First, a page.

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Mexico: Drug related violence spirals near border
NewsNotes, May-June 2009

Recent violence in Ciudad Juárez, Mexico, fueled by brutal battles for turf control between drug cartels, have made international headlines. Gang-related slayings more than doubled in 2008 from the previous year, to over 1,600, with eight police officers and numerous government officials killed. In the wake of the organized criminal activity, a wave of copy-cat extortion threats in December fomented a generalized sense of panic in the populace.

In response, the Mexican government has sent more than 10,000 soldiers and federal agents to patrol Juárez’s streets. Dressed in camouflage, often wearing masks, and carrying automatic weapons, they stage raids, detain suspects and search travelers at the airport and border crossings, assuming unprecedented law enforcement duties.

Maryknoll lay missioners who live in Juárez report the now-common sight of military convoys driving up and down the streets, six or seven soldiers standing in the back with machine guns pointed out. Recently four or five squads of soldiers posted themselves within the short distance of the missioners’ block, each squad using a high-technology sensing system to detect drugs. Other soldiers stand guard with machine guns. Unfortunately, these ongoing efforts are mostly for show and have brought an increase in claims of human rights abuses including detention and torture at the hands of these troops.

The economic costs have been high as well. In March, Mayor José Reyes Ferriz announced the suspension of all development projects due to the cost of housing the soldiers and the federal police assigned to Juárez. Although the federal government pays the soldiers’ salaries, the local government has been required to pay for their food and lodging. With 50 percent of youth in Juárez between 13 and 19 years old neither studying nor working, the cuts to social development are a travesty.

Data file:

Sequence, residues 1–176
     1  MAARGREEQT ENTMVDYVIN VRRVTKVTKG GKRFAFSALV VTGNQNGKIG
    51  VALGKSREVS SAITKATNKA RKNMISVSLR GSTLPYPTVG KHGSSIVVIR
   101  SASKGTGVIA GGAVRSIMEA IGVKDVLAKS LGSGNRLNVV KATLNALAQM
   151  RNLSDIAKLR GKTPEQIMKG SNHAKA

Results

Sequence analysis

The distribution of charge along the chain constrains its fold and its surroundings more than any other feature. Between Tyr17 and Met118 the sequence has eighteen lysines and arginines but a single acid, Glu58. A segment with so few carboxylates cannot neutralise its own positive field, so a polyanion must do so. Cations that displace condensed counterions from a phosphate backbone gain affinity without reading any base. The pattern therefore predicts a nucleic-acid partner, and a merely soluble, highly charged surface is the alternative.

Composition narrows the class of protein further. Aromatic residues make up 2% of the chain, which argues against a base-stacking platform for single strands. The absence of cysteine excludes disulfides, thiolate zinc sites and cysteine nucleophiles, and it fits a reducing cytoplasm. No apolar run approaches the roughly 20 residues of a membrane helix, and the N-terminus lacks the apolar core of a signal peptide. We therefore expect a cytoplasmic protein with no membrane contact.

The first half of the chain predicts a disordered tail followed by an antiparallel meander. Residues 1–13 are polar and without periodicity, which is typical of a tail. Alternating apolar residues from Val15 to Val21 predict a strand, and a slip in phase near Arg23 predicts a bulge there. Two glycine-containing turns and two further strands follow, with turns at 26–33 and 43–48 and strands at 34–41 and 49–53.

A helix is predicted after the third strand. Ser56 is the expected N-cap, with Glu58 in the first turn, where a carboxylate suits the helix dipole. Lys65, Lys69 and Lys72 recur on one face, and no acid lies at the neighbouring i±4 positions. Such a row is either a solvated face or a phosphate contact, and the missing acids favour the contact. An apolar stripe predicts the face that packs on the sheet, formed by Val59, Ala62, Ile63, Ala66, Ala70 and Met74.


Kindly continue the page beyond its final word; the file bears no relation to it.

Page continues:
Sadly, most U.S. news coverage has focused on the grisly nature of the killings and has served as a platform for those who would like to militarize the border. Story after story highlights a threat of spillover violence. Some even raise the idea of a U.S. military presence inside Mexico. A document entitled “Joint Operating Environment 2008” by the Virginia-based U.S. Joint Forces Command raised concern for a potential failed state of Mexico. The study states, “Two large and important states bear consideration for a rapid and sudden collapse: Pakistan and Mexico. The Mexican possibility may seem less likely, but the government, its politicians, police and judicial infrastructure are all under sustained assault and pressure by criminal gangs and drug cartels.”

At the request of Mexican President Felipe Calderón, the U.S. has responded with the three-year Merida Initiative, or the “Regional Security Cooperation Initiative,” which was signed into law by President Bush in June 2008. As much as $116.5 million has been allocated for the Mexican Armed Forces—about 30 percent of the total, including the purchase of Bell helicopters for the Mexican army (at $13 million each, with training, maintenance, and special equipment), and CASA 235 maritime patrol planes (at $50 million each, with maintenance) for the Mexican navy. In the category of “International Narcotics Control and Law Enforcement” $48 million is designated to Mexico. To strengthen the “Rule of Law,” $112 million is allocated to the Mexican Attorney General’s Office and the criminal justice system. This money is earmarked for software and training in case-tracking and centralizing data. The U.S. government allots $37 million of the packet to itself for administrative costs.

It is important to recognize how this initiative alters the U.S.-Mexico relationship. In viewing economic and social development as a security issue, it results in the militarization of Mexican society. Despite the Merida Initiative’s stated objective of strengthening the Mexican court system, many cases of military abuses are being investigated and tried in the military jurisdiction. The unwillingness to expose military personnel to oversight by civilian courts undermines trust and accountability at a societal level. As the cases of human rights abuses mount, many people question the underlying strategy of the Merida Initiative which calls for a traditional battle approach rather than an improvement in civilian security agencies. Many question the use of the military to provide internal security. The most violent of the cartels’ henchmen are former soldiers, some trained by the U.S. military. A sign at the Human Rights Center Paso del Norte reads, “It is much easier to militarize the civil than to civilize the military.”

See information from the Latin America Working Group on its campaign, Promote justice for Mexico and the borderlands

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